People diagnosed with rheumatoid arthritis, or RA, in the past 15 years or so are less likely to need joint surgery than are patients diagnosed previously, according to a new study published online in The Journal of Rheumatology. Researchers suggest this is due to more aggressive treatment with traditional disease-modifying antirheumatic drugs, such as methotrexate, and the introduction of biologic agents.

Intrigued by earlier research that showed a decline in RA-related surgeries, Eric Matteson, MD, chair of rheumatology at Mayo Clinic in Rochester, Minn., and his colleagues reviewed the medical records of 813 patients with RA who had orthopeadic surgery between 1980 and 2007. Procedures included total hip or knee replacement, joint reconstruction, soft tissue procedures and joint replacement revisions.

They found an overall reduction in joint surgeries. After adjusting for various factors, about 27 percent of patients diagnosed with RA between 1980 and 1994 needed at least one orthopeadic surgery in the 10 years following diagnosis, whereas only 19.5 percent of those diagnosed between 1995 and 2007 did.

For example, 6 percent of patients diagnosed with RA between 1995 and 2007 required knee surgery within the first 10 years, compared with 11 percent of those diagnosed between between 1980 and 1994.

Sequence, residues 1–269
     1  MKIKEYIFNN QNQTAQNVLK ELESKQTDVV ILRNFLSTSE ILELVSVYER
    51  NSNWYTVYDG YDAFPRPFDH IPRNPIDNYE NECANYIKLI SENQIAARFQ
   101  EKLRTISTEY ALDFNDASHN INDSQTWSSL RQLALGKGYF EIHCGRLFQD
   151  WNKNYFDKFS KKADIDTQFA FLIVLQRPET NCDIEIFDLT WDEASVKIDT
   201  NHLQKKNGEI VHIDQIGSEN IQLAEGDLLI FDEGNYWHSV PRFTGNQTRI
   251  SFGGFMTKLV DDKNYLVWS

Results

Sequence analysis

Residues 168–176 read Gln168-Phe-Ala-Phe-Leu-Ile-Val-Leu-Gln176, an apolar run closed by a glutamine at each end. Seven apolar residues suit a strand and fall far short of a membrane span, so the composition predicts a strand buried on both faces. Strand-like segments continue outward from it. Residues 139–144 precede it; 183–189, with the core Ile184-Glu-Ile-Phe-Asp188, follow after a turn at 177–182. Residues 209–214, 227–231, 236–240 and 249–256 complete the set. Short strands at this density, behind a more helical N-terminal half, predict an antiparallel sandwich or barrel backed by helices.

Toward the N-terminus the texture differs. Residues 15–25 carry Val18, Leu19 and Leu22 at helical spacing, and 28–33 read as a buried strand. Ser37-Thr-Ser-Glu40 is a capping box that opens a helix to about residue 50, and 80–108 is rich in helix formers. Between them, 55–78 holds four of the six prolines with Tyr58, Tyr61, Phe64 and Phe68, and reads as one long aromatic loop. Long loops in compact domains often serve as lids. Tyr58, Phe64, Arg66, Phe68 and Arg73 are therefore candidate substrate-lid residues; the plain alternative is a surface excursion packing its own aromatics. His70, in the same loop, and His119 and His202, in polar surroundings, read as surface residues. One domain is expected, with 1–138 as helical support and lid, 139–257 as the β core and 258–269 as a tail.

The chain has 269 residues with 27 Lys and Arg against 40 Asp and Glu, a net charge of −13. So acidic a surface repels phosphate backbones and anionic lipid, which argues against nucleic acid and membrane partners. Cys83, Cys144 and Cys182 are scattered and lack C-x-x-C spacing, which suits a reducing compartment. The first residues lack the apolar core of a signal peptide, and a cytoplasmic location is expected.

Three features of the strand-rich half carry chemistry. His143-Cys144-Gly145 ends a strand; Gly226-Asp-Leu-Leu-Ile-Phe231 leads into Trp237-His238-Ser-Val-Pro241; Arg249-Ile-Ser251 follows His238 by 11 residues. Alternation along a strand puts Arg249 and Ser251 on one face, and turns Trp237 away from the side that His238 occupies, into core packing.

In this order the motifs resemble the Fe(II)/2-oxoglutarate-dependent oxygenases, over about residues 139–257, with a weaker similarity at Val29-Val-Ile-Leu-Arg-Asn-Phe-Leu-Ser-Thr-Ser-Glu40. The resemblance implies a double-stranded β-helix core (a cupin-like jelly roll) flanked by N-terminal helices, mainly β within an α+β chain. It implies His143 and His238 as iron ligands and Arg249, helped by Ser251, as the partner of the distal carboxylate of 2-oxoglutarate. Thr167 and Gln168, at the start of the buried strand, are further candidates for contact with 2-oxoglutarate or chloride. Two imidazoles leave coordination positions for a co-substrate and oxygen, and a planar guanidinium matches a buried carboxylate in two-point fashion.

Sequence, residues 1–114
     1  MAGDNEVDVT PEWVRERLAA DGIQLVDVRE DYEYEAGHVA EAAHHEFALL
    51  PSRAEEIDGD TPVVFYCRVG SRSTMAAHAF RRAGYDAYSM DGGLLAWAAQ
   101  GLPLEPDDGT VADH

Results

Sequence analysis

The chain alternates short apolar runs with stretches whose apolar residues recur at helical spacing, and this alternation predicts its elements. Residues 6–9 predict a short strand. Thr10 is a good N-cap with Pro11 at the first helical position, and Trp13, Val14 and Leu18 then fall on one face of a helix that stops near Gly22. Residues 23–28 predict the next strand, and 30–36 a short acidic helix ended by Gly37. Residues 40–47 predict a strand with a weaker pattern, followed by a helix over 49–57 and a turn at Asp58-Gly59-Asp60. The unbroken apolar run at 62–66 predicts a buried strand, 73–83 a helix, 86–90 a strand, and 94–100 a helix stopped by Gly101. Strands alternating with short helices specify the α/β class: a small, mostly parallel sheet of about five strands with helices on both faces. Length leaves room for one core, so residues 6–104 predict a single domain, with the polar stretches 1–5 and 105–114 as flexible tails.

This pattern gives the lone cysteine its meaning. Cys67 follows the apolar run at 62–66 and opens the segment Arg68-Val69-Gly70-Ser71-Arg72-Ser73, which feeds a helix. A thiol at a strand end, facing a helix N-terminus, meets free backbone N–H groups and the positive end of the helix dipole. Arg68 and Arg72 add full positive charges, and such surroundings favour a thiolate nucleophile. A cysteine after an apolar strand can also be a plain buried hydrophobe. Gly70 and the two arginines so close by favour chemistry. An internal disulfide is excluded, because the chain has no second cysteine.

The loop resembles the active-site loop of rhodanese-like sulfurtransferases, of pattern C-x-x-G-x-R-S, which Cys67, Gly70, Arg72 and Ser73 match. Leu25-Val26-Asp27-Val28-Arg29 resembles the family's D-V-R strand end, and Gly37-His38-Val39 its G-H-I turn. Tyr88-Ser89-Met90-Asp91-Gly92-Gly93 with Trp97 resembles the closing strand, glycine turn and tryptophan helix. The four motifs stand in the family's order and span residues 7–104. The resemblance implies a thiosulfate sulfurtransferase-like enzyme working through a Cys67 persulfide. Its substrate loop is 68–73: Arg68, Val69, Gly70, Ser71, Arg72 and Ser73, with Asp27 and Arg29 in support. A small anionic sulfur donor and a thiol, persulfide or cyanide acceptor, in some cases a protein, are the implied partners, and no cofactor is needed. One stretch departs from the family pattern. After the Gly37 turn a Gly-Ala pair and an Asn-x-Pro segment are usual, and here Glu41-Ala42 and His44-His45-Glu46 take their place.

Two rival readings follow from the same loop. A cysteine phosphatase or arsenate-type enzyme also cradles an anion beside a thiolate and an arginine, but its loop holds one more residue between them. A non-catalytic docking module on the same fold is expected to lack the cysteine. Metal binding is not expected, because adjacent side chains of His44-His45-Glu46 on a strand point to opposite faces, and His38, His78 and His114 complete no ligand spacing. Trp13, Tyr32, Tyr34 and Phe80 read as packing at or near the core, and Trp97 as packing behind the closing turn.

And there was a significant decline in small-joint surgeries – those involving the ankles, feet or hands. For example, hand surgeries dropped from 6.3 percent in the 1980 to 1994 group to 2.5 percent in the 1995 to 2007 cohort.

"We found that people with rheumatoid arthritis are now having surgery on their hips and knees at rates very similar to people with osteoarthritis (OA) and having less small-joint surgery than in the past," Dr. Matteson says. "We believe that this is because of improved treatment in recent decades – a finding that highlights the importance of active disease management."

In the past, people with RA had surgery more often than people with OA due to more severe joint damage at a younger age.